“Hipster is a term that’s a global term with a long history. it comes from hip and hep in the jazz era and the hippies in the 60s. it’s all to do with anti-mainstream culture.” said Hartwell. “The culture has become a youth movement that’s adopted, homogenized and packaged eventually.” And for exactly that reason, the hipster culture has created business opportunities among their peers – the people who would think out side the box to package their businesses in either avant garde(bizarre) or retro respective.

Fin and Flounder, a lovely fish shop that came to mind

Fin & Flounder, the tiniest fish monger on broadway market which carries no more than 5 kilos of mussles or 2 squids daily, has proven to be smart marketing against major super market chains. The shoppers would be getting the Fin & Flounder shopping expereicne as oppose to the best deal on fresh salmon. the selection is very small but beautifully decorated which gaves the feel of exclusivity. the friendly and definitely above average looking staff would not be wearing bloody and smurged aprins and butcher/chef hats, instead, they are wearing vintage jumpers and headbands. what normal customers expect such as variety and low pricing are put to shame by the shops disclaimer of their support on the sustainability of the UK fish stocks. As their website states “we hope to provide all our customers information on our where and how our fist is caught”, each fish has a story in Fin & Flounder.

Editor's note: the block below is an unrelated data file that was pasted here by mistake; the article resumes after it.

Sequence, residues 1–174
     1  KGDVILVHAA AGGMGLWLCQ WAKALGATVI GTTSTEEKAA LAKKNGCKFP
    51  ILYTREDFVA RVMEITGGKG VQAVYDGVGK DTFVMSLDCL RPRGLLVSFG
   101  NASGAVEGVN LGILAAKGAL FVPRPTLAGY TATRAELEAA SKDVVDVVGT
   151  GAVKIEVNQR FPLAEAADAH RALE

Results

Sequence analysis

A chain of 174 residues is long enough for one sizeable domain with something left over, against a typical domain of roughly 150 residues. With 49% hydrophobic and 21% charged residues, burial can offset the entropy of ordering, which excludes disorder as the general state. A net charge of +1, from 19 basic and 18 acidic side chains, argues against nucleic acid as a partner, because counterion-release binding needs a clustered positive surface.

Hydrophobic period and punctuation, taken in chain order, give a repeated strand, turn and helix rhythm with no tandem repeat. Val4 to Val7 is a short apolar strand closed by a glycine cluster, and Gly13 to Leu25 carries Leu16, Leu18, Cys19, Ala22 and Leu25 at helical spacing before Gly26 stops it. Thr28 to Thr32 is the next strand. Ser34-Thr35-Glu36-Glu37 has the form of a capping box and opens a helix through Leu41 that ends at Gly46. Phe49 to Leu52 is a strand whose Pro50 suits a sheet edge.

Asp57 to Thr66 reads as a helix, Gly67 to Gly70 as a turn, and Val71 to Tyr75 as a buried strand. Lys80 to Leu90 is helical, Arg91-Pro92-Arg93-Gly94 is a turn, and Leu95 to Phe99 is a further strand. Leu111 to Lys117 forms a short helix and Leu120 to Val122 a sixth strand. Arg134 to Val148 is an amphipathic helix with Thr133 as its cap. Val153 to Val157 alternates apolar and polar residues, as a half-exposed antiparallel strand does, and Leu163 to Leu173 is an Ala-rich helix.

Some people might call it survival tacticks, others like Hartwell call it contemporary style. “[East London] is where contemporary style is, a big mix of high and low, polished and raw, young and old, established and fresh.” However, the East London sprung, like any other cool things that would be call has-beens now may be short-lived. “When something becomes too popular it moves, like the 90s Soho in New York changed into the East Village then the Lower East Side and now further out, definitely in London it moved from shoreditch to hackney dalston stock newington. part of that is when it becomes popular, people come because they hear it’s popular and not because they are part of it. the prices like rent will all going up, so people would have to move further out.”

Hartwell, 39, a local Bethnal Green resident has felt the pressure of the rising in housing price, “I look on real estate websites in between sending important emails as my way of taking a break from work. I might have to move to dalston if the price keeps going up like this.”